Breitling Oil and Gas Corp., an independent U.S. energy producer, said it held talks with companies in U.K. and Polish about acquiring shale gas licenses.
While Europe “has the biggest chance after America” to develop its shale gas resources, the lack of infrastructure and regulation will postpone commercial production to at least 2015, Chris Faulkner, chief executive officer of Breitling Oil and Gas, said in an interview.
Faulkner said the company has held talks with several companies in U.K. and Poland for both consultancy services and buying stakes in shale licenses. The development of shale resources in Europe has trailed the U.S. because of higher costs, concerns drilling pollutes drinking water and a lack of rigs for exploration.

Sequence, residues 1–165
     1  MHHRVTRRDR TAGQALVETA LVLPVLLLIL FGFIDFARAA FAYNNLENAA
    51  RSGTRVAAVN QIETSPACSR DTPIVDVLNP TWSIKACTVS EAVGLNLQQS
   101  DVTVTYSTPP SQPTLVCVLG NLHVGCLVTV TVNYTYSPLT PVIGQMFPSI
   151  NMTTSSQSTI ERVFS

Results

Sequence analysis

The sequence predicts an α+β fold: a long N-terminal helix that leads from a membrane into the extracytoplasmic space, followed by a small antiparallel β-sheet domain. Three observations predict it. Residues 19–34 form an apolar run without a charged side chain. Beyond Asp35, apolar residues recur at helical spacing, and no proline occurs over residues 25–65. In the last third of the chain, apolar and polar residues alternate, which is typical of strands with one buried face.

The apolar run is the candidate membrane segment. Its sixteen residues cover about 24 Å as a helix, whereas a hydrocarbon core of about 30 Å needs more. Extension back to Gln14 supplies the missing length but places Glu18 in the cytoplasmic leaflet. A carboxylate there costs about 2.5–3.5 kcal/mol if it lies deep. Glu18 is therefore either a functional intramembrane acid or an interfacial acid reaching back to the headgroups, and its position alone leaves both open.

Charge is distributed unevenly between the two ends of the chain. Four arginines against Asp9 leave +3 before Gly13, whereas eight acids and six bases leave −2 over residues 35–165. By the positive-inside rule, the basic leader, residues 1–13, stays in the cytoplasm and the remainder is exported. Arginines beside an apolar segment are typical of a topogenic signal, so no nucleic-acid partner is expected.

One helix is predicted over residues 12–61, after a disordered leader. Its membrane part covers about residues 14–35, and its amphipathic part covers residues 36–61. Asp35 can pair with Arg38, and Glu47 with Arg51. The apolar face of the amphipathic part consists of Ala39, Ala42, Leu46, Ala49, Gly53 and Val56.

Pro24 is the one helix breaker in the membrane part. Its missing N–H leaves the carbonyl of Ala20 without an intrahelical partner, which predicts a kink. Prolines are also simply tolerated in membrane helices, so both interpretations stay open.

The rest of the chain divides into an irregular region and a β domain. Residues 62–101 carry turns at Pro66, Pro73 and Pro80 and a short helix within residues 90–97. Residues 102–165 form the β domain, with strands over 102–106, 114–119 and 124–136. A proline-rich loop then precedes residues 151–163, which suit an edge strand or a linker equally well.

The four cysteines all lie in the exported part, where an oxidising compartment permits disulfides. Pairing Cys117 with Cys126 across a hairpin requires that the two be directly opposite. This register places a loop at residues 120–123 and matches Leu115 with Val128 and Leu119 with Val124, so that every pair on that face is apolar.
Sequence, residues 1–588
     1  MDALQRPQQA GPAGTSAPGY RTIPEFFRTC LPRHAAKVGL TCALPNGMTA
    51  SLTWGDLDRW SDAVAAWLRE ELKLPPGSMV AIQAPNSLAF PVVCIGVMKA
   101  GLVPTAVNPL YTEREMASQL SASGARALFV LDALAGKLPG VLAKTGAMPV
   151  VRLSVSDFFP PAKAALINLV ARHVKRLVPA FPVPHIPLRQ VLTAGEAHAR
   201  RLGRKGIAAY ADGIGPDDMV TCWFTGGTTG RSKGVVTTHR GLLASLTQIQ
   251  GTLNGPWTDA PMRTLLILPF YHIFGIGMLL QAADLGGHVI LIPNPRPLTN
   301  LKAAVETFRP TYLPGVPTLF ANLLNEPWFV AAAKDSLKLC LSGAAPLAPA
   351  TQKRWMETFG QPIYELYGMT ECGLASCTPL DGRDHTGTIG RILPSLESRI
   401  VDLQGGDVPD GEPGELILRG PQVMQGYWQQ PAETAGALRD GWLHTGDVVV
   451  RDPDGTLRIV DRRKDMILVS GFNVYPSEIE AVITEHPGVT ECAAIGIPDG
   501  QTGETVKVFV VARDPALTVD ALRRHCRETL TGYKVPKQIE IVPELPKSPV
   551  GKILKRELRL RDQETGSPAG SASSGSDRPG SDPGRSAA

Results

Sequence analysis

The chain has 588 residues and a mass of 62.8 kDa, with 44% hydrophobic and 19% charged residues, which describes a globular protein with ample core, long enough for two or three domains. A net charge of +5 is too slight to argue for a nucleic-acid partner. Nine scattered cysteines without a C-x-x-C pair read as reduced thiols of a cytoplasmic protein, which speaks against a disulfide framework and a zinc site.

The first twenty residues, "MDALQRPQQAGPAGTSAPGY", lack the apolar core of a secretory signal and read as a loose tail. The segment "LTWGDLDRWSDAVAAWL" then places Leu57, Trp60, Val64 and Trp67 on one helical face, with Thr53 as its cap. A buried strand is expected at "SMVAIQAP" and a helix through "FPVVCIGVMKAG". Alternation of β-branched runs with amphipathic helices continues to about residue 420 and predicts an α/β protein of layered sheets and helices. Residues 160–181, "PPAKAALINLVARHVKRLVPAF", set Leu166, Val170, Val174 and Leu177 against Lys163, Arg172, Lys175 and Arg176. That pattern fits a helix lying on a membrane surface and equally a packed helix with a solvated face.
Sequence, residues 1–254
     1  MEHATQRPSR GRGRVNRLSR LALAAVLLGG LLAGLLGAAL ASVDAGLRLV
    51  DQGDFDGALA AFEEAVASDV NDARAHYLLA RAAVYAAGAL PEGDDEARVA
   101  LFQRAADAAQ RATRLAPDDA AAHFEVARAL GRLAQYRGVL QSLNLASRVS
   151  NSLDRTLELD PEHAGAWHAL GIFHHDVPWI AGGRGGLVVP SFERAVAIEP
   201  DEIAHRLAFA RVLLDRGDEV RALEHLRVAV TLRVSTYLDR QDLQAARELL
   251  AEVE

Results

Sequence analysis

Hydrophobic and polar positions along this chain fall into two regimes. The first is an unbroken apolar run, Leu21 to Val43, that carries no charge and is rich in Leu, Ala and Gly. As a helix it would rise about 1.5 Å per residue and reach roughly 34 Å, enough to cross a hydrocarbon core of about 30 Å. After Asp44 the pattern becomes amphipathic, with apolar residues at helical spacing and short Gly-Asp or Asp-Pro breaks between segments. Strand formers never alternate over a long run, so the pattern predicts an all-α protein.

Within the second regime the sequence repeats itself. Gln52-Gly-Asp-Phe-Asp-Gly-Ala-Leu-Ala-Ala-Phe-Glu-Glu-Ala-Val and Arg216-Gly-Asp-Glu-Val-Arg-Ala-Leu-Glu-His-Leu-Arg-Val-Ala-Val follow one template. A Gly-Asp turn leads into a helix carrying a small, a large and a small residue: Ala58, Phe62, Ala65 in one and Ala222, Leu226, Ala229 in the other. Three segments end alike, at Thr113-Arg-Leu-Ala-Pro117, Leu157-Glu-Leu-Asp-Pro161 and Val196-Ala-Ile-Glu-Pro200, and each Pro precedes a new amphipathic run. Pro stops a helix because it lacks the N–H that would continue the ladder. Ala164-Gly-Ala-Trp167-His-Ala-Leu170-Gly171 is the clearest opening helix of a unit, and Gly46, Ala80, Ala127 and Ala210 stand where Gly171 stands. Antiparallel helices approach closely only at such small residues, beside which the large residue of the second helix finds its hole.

“Even if Poland drills tomorrow they would have nowhere to sell, they have no infrastructure,” Faulkner said, whose company produces oil and gas from shale fields in North Dakota and Oklahoma. “That’s the big challenge, I am more optimistic about what’s happening in U.K.”
ConocoPhillips bought a 70 percent stake in three western Baltic Basin licenses this year from shale gas explorer 3Legs Resources. Exxon Mobil Corp. returned some of its licenses in Poland on concern that the country’s shale potential was over-estimated.
U.K. Energy Minister John Hayes said in October the U.K. plans to allow companies to resume shale gas exploration this year, while the Chancellor of the Exchequer George Osborne has promised tax breaks to encourage the development of shale reserves.
Companies with licenses in areas possibly holding shale-gas resources in the U.K. include IGas Energy Plc, Dart Energy Ltd., BG Group Plc, Celtique Energie Ltd., Reach Coal Seam Gas Ltd., and Cuadrilla Resources Ltd., according to the Department of Energy.
Cuadrilla, which stopped drilling after causing two earthquakes last year, estimates it has more than 200 trillion cubic meters of shale gas beneath its acreage close to the city of Blackpool.